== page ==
On Baraboo and (True) Naming

By now, you have almost certainly seen the images of those Baraboo teens, flashing their Sieg Heils and white power symbols. (You can even read this Twitter thread, which got the journalist’s grandmother doxxed—though, as she says, having Nazis angry with you means that you’re doing something right. Captain America approves.) I doubt it will be a shock to anyone who has read what I’ve written that I am furious, and sickened. (It might be a bit more of a surprise when I say I’m not all that surprised.) But I’m not here to talk to you about why I am surprised, or not surprised (well, maybe a little about that); I’m not here to discuss my own emotions. I am here to ask something of you, instead.

Please, do not try to explain away what these boys have done, or excuse it as the work of stupid young people, or point to “tribalism” as an excuse. Our old scapegoat “tribalism” isn’t the problem, anyway—it’s racism, plain and simple—and, of course, use of the world “tribalism” can be deeply offensive to Native people. So be better, and call it what it is: racism. Please don’t fall into the trap of bothsiderism (and, in case you’re wondering, there are not “good folks” on the Nazi side—which is not something that should even have to be said). And, if you are tempted to say that they’re kids—well, don’t forget that only some children are allowed the luxury of being kids. (That itself is a violation of the United Nations’ Convention on the Rights of the Child, but hell, we haven’t even managed to ratify that, so I guess we just aren’t too into children’s rights here.)

We live in a time of surging (and undercounted) hate crimes, and of the unchecked hate speech that feeds them—all of which puts the lie, as discussed in this article, to the idea that somehow, those sneering, sieg-heiling Baraboo boys don’t represent our country. We know that hate speech leads to dehumanization (and bias, which seems like a given), which can in turn lead to violence. At least one study has shown that suicide rates spike for those facing hate speech, adding yet another layer of violence to already violent words. We know, from the Southern Poverty Law Center’s HateWatch, just how badly—and how fast—hate crimes are spiraling. Similarly, the so-called “ironic” or hipster racism embraced by some supposedly progressive folks is, in truth, just racism by a snazzy name. Hell, we all know that our law enforcement agencies have done a rad job of ignoring white supremacist terror as it surged throughout the country. Not in my name, I say, and yet I know that white supremacy has often been held up in the name of white women not so different from me.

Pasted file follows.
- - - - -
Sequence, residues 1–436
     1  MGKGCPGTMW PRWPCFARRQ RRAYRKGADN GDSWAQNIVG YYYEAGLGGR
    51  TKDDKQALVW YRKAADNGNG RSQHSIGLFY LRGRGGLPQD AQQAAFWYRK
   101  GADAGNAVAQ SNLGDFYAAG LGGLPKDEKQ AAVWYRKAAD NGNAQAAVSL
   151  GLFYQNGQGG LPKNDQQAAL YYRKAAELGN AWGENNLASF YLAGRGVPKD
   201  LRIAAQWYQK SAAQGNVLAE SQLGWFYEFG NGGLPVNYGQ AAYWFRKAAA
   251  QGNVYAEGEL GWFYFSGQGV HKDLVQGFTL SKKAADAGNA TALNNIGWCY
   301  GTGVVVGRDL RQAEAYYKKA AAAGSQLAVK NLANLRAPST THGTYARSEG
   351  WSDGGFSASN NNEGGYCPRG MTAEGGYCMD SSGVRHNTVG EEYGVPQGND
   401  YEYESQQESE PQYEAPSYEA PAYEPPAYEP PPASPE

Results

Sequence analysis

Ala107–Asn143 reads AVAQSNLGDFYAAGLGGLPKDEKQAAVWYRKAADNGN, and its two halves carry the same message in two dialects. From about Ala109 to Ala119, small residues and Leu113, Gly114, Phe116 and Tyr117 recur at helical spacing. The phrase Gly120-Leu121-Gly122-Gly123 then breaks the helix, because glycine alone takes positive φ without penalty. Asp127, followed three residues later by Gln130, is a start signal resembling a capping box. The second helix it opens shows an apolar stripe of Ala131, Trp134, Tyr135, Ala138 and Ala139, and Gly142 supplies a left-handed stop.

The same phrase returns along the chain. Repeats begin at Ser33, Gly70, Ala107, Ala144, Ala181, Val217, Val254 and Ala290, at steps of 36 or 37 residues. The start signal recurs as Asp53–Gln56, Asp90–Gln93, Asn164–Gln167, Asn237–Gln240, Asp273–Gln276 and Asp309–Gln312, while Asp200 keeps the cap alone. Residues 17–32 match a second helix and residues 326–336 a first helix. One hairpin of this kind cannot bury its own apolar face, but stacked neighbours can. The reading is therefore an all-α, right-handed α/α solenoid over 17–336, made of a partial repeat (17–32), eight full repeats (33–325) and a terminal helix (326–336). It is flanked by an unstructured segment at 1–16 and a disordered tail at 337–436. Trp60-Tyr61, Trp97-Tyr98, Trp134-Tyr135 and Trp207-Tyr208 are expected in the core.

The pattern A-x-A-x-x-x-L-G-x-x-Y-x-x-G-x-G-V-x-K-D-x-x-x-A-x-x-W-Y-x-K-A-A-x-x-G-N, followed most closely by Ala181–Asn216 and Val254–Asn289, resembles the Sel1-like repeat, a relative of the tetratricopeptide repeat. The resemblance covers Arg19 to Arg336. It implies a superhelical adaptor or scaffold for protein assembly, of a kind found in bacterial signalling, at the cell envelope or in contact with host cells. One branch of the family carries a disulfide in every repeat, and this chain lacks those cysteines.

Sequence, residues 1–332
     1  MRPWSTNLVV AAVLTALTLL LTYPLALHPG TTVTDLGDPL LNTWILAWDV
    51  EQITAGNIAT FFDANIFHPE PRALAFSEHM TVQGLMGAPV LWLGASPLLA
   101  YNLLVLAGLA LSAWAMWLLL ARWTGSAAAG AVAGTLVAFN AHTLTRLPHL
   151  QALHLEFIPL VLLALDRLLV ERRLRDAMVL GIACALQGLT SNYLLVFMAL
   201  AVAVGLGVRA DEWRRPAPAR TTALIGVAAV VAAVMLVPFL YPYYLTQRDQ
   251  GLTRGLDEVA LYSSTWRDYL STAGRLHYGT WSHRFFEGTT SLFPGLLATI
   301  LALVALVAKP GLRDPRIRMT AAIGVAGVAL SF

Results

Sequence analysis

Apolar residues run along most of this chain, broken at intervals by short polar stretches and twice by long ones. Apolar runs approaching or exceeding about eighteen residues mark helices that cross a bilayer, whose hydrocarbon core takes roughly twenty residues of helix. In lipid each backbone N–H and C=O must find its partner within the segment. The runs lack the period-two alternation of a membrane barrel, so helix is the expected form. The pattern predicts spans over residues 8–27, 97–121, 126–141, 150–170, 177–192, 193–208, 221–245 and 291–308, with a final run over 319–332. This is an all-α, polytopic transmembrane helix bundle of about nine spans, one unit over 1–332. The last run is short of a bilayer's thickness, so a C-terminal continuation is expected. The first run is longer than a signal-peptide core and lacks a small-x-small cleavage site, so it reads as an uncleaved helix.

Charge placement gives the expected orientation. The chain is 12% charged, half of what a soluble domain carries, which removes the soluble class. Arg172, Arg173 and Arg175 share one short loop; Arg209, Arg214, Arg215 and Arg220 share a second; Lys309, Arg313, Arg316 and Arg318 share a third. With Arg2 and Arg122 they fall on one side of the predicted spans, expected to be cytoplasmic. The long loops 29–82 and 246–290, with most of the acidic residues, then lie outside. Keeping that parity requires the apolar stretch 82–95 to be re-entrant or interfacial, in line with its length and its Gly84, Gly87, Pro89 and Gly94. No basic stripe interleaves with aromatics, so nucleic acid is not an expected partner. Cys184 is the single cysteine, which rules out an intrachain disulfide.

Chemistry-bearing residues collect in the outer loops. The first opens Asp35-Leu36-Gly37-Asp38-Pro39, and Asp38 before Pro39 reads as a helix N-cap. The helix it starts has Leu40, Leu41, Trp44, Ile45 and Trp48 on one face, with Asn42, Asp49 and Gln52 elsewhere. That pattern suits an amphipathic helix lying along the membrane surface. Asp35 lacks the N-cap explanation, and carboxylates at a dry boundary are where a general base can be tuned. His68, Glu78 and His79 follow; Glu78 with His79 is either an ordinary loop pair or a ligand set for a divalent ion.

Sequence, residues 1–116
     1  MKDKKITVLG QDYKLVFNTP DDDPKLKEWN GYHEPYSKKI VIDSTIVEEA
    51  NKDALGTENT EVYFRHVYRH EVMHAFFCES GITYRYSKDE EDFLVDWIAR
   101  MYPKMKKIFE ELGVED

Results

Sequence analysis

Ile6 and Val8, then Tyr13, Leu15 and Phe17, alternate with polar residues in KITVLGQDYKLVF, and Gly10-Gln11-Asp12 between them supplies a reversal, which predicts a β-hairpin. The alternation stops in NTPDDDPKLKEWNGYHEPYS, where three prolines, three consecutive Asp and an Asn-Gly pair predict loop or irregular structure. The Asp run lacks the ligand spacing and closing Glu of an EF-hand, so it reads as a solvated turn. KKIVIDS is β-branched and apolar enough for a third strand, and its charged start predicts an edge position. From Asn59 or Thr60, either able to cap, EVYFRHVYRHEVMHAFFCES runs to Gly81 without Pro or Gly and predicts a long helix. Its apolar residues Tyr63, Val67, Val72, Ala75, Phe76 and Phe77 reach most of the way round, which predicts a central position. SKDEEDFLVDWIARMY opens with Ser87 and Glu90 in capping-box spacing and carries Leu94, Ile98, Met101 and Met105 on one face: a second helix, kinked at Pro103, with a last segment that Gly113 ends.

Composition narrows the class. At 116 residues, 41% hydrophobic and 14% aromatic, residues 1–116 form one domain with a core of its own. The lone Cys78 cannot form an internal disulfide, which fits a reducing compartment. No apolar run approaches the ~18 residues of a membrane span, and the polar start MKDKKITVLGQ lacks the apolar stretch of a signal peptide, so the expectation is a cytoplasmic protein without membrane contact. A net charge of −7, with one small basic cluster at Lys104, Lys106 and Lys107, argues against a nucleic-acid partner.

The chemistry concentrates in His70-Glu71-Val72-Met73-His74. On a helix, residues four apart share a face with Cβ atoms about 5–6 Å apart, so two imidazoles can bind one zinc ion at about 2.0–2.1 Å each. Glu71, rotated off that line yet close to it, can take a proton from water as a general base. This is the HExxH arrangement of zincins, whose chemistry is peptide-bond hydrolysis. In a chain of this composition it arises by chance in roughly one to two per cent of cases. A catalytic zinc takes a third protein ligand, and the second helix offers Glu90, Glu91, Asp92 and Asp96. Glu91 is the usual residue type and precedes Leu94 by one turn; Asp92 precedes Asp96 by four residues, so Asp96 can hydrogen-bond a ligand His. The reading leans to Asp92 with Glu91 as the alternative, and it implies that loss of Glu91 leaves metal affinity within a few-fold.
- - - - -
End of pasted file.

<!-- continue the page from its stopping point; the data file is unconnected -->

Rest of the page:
True names hold power. My ancestors, the mad, bad, imaginative Celts, knew that, and their myths and legends reflect it. The ancient Norse, who might even have been badder and madder than the Celts, knew it too, as did the Germans. We must name the cages in which children have been held as what they are. We must name the terrorism perpetuated by white men as what it is. We must name what these Baraboo teens have done as what it is, a knowing action of violence, a sickening display of Nazisim in a state in which my own roots go deep and tangled.

As Joanne Harris writes in Runemarks, “A named thing is a tamed thing.” Can we tame racism and Nazism and antisemitism by naming them? I wish it were that easy—but we must begin by naming them, calling them by their true names, no matter how ugly. Denying them, explaining them away—it will only give them power.

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